"Do you have everything packed?" This was an unnecessary question. This was one of those questions that finalized the end of the moment. Reality was upon us.
"Yes. Except maybe we could swing by Hutch's when we get there so I can buy some bread."
She nodded her head. "Okay." She sighed again and shrugged her shoulders. I knew about these little shrugs. Her shrug told me she was alright now, it apologized for the small breakdown, and it let me know our conversation was almost over.
"Love you, Mom. I'll see you in the morning." I said.
"One more hug."
I hugged her again. We hugged carefully, quickly, wary not to get too caught up. She smiled sadly and walked to her room.
As I watched her leave, I began to realize the significance of what just happened. A person could go through her entire life and never grasp the weight and meaning of such invaluable windows of time. This was something I couldn’t shrug it off. Moments like this, perfect yet so real, don’t just happen. These sort of moments must be reflected on and processed out. I am a processor. I must process everything. I walked down the stairs to the basement. I didn't turn on any lights. I welcomed the darkness. There is darkness in prayer. Darkness shuts madness out that steals away thoughts. Darkness enlightens the soul and transforms the mundane. In darkness, I am able to visualize my thoughts. In darkness, the mind sees best.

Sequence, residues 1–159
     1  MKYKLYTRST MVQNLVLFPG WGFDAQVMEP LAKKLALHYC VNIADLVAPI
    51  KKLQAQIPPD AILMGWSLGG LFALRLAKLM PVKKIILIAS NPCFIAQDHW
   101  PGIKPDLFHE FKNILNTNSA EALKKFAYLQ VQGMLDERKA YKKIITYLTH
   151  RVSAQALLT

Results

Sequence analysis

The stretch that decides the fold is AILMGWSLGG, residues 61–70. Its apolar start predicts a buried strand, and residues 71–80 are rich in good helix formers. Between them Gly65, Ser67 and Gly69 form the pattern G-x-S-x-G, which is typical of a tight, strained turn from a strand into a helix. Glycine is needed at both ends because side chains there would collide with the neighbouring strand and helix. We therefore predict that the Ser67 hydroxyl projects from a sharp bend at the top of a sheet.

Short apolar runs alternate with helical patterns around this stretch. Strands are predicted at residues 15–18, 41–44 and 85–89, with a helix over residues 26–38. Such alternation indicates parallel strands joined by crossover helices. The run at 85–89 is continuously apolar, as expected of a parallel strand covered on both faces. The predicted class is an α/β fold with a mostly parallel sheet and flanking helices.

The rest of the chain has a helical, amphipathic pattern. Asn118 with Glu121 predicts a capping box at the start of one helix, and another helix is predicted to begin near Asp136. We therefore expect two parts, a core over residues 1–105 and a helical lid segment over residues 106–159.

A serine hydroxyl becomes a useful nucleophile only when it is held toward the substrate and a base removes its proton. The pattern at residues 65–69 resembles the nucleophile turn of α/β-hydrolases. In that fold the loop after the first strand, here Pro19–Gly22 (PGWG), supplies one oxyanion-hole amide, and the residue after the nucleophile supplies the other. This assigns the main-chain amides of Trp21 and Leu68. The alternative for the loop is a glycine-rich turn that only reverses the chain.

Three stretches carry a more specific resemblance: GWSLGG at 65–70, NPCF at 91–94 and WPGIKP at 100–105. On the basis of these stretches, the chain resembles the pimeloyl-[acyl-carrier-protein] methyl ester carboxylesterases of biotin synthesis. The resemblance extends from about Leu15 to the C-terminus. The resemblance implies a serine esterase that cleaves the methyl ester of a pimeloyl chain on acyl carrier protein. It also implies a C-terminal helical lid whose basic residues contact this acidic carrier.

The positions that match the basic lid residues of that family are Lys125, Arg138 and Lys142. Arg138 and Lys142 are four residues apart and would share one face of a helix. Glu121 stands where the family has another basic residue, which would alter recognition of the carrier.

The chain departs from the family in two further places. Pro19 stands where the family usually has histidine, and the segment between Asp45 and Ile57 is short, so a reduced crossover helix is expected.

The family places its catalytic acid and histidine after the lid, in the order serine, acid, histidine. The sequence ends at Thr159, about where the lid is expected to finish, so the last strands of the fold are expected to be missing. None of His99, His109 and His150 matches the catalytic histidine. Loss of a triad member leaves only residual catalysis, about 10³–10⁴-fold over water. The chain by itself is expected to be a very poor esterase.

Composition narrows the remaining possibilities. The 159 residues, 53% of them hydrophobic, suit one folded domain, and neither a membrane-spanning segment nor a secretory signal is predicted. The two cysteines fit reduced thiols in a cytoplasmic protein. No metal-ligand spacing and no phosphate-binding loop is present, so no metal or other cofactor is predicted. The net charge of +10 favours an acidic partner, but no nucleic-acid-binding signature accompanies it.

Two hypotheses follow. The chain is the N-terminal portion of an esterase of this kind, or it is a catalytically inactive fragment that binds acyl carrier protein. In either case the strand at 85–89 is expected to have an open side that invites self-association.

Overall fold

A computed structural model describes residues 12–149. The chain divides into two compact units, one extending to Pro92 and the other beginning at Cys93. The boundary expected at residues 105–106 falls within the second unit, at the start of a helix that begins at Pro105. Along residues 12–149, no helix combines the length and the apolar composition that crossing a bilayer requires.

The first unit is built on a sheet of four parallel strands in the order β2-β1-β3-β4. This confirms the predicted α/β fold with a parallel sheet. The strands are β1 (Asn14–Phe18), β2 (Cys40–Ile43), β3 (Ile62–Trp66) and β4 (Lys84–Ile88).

When I reached the bathroom I turned on the light. I began to brush my teeth. I stared at myself in the mirror as I moved the brush around in my mouth. I turned those four words over and over, I will miss you. I thought about the way she said them. There was no doubt in my mind they were sincere.
What does it mean to miss someone? I wondered. What does it mean to miss someone the way she already missed me?
I thought of the kind of kid I was. How distant, forgetful, and irresponsible I could be. I thought how I often opted out of and avoided family things.
I thought of how generous she was. She gave me so much without a second thought. She gave me more than I needed. She gave me life, she brought me into this world. How much money, time, resources, life had she poured into me? I knew I owed her a debt, a debt I could never repay.
Someday I would leave for good. This house wouldn't be my home. Someday I would only be a guest here. I was already a guest.